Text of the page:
France Questions Sepp Blatter in FIFA World Cup Probe

Published: 28 April 2017

By Vanja Lakic

French authorities questioned former FIFA president Sepp Blatter as part of a corruption probe into FIFA’s vote for Russia and Qatar to host respectively the the 2018 and 2022 World Cups, Le Monde reported Thursday.

The preliminary investigation by France's National Public Prosecutor's Office (PNF) is into possible corruption and “trading of influence” in the voting process that relate to France.

Blatter, who was FIFA’s president during the 2010 controversial vote believed to have been rigged was interviewed last week following a cooperation agreement with Swiss authorities. He has denied any wrongdoing during his 17-year tenure.

Blatter, and former UEFA chief Michel Platini were banned from football administration in 2015 following a £1.3million (US$ 1.7million) "gentlemen's agreement" unrelated to the World Cup vote, which was found to be a conflict of interest breach.

Platini admitted that he changed his vote for the 2022 World Cup host from the US to Qatar after a lunch at the Élysée Palace with French President, Nicolas Sarkozy, and the Emir of Qatar, Tamim al-Thani. He acknowledged that Sarkozy, whose government was after trade deals in the Gulf State, influenced his vote, but insisted he was not pressured. Platini has not been interviewed in the latest investigation, sources said.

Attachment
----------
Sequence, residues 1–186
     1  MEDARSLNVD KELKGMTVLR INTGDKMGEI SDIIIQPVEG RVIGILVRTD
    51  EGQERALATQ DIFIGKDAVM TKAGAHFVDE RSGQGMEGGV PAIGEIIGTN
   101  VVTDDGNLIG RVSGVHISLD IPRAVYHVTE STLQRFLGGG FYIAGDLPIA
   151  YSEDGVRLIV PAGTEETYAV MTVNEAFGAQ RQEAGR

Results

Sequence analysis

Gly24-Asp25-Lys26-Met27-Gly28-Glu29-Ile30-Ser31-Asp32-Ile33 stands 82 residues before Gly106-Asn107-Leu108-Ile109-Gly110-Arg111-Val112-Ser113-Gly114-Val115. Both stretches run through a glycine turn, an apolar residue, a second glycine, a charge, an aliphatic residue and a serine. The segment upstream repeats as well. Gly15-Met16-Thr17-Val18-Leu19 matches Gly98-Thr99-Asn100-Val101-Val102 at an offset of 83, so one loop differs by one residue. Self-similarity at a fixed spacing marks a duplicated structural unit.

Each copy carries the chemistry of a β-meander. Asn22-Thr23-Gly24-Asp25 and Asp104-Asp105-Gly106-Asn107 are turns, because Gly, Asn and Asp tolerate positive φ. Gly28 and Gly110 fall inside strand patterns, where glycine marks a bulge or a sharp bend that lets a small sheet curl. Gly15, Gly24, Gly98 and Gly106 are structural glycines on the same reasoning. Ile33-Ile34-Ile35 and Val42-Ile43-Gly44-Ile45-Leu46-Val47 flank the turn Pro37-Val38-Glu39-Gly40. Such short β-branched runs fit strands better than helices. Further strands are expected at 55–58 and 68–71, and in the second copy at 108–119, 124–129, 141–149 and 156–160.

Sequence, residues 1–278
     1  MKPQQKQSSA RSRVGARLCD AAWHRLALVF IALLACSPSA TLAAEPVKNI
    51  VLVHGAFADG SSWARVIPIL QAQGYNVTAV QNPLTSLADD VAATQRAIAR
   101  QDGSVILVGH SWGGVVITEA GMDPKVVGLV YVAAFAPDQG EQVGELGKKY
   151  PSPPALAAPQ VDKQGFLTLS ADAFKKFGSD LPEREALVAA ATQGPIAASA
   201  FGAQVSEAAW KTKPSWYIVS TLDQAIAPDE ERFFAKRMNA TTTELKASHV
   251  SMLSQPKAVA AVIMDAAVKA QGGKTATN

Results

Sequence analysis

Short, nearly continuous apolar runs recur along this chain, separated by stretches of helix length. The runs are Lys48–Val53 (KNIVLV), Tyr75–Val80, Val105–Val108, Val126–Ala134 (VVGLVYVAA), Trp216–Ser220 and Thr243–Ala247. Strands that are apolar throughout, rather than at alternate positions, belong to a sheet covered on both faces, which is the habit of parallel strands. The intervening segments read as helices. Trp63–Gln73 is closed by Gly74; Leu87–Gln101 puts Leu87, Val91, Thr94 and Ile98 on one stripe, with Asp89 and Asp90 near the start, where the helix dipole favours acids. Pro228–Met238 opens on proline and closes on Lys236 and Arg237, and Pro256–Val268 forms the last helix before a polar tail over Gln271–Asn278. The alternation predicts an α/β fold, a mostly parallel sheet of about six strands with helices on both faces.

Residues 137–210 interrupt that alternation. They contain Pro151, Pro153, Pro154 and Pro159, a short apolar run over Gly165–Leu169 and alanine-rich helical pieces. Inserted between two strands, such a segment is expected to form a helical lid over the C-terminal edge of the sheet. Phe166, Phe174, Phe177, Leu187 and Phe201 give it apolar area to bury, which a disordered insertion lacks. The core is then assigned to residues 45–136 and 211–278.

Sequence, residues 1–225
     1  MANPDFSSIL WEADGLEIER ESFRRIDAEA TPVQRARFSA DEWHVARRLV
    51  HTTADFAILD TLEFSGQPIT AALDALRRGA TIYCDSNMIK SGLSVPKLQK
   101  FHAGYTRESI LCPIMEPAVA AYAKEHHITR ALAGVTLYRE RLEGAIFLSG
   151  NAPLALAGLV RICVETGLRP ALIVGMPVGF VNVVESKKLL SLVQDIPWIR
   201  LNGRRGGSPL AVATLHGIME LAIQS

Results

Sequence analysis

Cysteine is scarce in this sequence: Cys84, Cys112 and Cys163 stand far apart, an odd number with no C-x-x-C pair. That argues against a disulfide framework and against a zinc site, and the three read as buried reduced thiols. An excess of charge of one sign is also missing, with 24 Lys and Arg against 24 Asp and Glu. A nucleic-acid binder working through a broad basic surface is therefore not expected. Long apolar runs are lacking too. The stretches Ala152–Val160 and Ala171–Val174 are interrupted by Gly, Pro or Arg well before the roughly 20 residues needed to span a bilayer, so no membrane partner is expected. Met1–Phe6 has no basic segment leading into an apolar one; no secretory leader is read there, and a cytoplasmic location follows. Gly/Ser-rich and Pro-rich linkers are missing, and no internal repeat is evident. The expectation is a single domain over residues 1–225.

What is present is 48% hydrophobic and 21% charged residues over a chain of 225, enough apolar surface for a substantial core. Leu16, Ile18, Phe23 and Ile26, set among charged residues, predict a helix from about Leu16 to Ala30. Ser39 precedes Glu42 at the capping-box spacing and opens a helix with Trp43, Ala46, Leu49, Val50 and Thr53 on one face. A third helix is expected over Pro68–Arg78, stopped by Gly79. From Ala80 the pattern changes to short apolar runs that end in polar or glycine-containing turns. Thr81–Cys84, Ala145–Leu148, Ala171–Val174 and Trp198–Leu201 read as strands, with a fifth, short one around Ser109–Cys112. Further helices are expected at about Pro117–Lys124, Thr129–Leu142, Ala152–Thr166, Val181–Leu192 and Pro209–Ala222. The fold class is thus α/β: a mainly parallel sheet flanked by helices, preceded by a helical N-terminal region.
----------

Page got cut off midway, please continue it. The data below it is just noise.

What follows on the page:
In 2014, Michael Garcia, the American lawyer who led FIFA's internal investigation into the 2018 and 2022 World Cup bid processes, resigned from the FIFA ethics committee citing a loss of confidence in the committee and lack of executive leadership.

In June 2015, FIFA announced that Russia and Qatar were awarded the 2018 and 2022 World Cups by democratic vote of the executive committee and "based on expert opinions and available facts," it had no legal grounds to take it away from them.

At least three countries are now investigating the World Cup vote including the U.S. and Switzerland. No criminal probes relating to the 2010 vote have yet begun.